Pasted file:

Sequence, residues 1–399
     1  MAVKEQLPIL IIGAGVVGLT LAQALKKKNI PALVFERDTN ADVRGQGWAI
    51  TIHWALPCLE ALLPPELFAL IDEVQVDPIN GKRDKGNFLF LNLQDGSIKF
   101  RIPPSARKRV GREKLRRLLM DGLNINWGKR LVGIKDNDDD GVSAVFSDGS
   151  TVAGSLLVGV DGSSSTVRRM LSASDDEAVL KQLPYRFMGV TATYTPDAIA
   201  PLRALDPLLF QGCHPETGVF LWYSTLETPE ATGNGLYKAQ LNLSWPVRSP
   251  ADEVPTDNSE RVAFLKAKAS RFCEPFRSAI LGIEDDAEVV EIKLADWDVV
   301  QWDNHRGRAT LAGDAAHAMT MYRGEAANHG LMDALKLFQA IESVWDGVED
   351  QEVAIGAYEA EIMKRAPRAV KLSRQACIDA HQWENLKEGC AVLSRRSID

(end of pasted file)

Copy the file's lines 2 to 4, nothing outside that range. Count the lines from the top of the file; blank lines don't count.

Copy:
     1  MAVKEQLPIL IIGAGVVGLT LAQALKKKNI PALVFERDTN ADVRGQGWAI
    51  TIHWALPCLE ALLPPELFAL IDEVQVDPIN GKRDKGNFLF LNLQDGSIKF
   101  RIPPSARKRV GREKLRRLLM DGLNINWGKR LVGIKDNDDD GVSAVFSDGS